the literature (see, e.g., G.J. Gregg and K.S.W. Sing, Adsorption, Surface Area and Porosity: London, Academic Press (1967), page ff), inkwell pores are pores which, in the simplest case, comprise a cavity which opens towards the outside through a narrow neck. With these pores two essential parameters can be chosen independently of one another: (i) the volume of the cavity and (ii) the dimensions (internal width and length) of the neck of the pore. If the volume of the neck is small relative to the volume of the cavity, the amount which can be stored in the pores will depend virtually only on the volume of the cavity, while the timing of the release or temporal course of delivery into a surrounding medium will be affected predominately by the dimensions of the pore neck. The pore systems having inkwell pores which are used in this invention are composed ofa plurality of pores of different shapes and sizes, and the cavities are frequently interconnected and open to the outer surface of the porous substance through a plurality of necks. Pore systems of such very complex construction can be described, in their adsorption behavior action, as an inkwell shape, if the diameters of the cavities are on the average more than twice as large as the associated pore necks. This invention involves or uses only those inkwell pores in which the necks are within the microand mesopore range, i.e., having internal widths or diameters of less than 0.1 u, m down to the diameter of only a few atoms diameters (see, e.g., D.l-I. Everett and RH. Ottewill, (eds), Surface Area Determination London, Butterworths (1970) page 63).
For the sustained release preparation according to this invention, a porous carrier material which is insoluble or dnly slightly soluble in the body is used. The dimensions of the pores in such a material is virtually invariable during the period or time of application, so the rate at which the stored drug is discharged (rate of delivery) remains constant so long as the concentration in the cavities does not drop.
After the application or taking of a sustained release preparation comprised of an insoluble carrier substance having inkwell pores and a drug incorporated therein, body fluid first enters the pores and dissolves the drug or mixes with it. The drug then diffuses outwardly via the pore necks filled with body fluid while more body fluid diffuses inwardly. The drug initially has saturation concentration in the cavities and almost zero concentration outside (in the body). With regard to the timing of the release of drug when the starting processes are over, one should distinguish between the following two cases:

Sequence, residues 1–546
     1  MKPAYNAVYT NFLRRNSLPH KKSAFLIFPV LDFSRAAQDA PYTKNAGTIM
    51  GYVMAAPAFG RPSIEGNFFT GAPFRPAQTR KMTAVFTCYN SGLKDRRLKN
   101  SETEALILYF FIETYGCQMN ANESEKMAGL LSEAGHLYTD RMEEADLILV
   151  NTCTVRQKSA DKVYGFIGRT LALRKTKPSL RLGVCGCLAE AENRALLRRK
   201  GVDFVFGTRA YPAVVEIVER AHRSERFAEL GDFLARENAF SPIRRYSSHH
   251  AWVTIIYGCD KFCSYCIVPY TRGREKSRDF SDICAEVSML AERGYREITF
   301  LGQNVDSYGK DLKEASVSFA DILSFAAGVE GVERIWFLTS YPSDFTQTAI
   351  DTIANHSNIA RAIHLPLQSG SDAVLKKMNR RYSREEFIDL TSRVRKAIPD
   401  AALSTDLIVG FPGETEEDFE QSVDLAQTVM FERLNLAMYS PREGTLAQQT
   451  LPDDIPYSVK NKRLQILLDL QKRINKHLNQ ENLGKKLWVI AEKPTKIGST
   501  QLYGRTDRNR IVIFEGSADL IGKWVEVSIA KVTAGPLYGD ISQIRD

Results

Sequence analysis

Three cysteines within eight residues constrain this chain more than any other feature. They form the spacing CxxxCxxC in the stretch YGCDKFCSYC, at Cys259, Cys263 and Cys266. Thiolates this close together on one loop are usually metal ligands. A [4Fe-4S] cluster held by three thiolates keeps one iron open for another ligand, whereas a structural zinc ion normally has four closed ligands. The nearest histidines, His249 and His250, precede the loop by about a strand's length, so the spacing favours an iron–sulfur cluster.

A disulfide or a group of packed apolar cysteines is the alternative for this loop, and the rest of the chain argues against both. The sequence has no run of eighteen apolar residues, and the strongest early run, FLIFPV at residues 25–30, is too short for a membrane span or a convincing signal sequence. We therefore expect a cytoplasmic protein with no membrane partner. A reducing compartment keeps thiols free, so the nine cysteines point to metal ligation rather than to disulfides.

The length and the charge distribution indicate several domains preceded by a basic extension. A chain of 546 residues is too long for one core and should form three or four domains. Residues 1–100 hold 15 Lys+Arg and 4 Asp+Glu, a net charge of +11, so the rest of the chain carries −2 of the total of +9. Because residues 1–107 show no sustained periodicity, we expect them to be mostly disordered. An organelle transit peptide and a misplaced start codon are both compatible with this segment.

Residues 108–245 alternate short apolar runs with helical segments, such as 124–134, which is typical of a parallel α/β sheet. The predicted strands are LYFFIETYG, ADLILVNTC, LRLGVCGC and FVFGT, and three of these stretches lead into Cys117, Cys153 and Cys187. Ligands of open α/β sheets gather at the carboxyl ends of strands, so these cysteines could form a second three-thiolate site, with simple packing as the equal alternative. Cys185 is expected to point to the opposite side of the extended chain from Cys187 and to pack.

1. The active substance is soluble only to a limited extent in the body fluid and forms a separate phase. In this case the concentration of active substance in the solution in the cavity, and with it the rate of release or delivery, will remain constant until the separate phase has disappeared. It will then decrease.
2. The active substance can be mixed with the body fluid in any ratio. The concentration of active substance and the rate of release or delivery will then decrease continuously. The neck of the pore acts as a resistance to or check on the flow of active'substance and lengthens the period of release.
If the dimensions of the necks in the pore system vary widely, the pores with short and wide necks will empty first, while the concentration in the other pores will remain constant for longer. The rate of release from such a pore system will decrease with the passage of time.
3 With a suitable combination. provision can be made for the drugs to be released with any timing, e.g.. in approximately linear progression. By mixing pore systems of different types. filled with different active substances. programmed release of combinations of active substances also are obtained.
The rate of discharge from a carrier system with inkwell pores can be estimated from their dimensions, as demonstrated by the following example. The composition is taken to be a tablet with a volume of l() mm less the cavity volume V of 10 mm. The cavities are connected to the surface by a l0 not very different pore necks with a mean cross-sectional area of A 10 nm and a mean length of 0.] am. The concentration of active substance in the cavities when the starting processes are over is 0.1 ,umol/mm, while the concentration c, in the body in the vicinity of the tablet is 0. Assuming a coefficient of diffusion of l) l0m .s. then according to Ficks Law the following is obtained. in simplified form, for the rate of release f1 (see, e.g., C.D. Hodgman. Handbook of Chemistry and Physics", 44 ed.. Cleveland, Chemical Rubber Publishing 1961, page 2274).:
The rate of discharge of active substance would accordingly remain constant for longer that /2 day. given low solubility.
With a l0- and l am. one would obtain ri l0" mol.s and a period of release t of 1.6 years.
Solids with an inkwell pore structure are known. they are used. for example. as adsorbents, catalysts or catalyst carriers. Suitable materials which can be used as the carrier material having an inkwell pore structure include oxides, ceramic and metallic materials and plastics which are physiologically innocuous. The preparations may be used as a powder or in a compact or compacted form. such as. tablet form.
Oxides such as silicon oxide, aluminium oxide. zirconium oxide, etc.. can be prepared in highly porous form from the corresponding hydroxide gel by dehydration and drying at an elevated temperature (see. e.g.. R.E. Kirk and D.F. Othmer. Encyclopedia of Chemical Technology". Vol. l2. page 345 ff.. New York. lnterscience Publishers 1954); and E. Robens and G. Sandstede. Z. lnstrumentenkunde" 75 (1967). page I77). In another process (see K.S. Mazdiyasny. (.T. Lynch and 1.8. Smith. J. Am. Ceramic Soc. 48 (1965). pages 372 375) alcoholates dissolved in organic solvents are converted, by hydrolysis and subsequent drying. into oxides with crystallites and pores in the sub-micron range.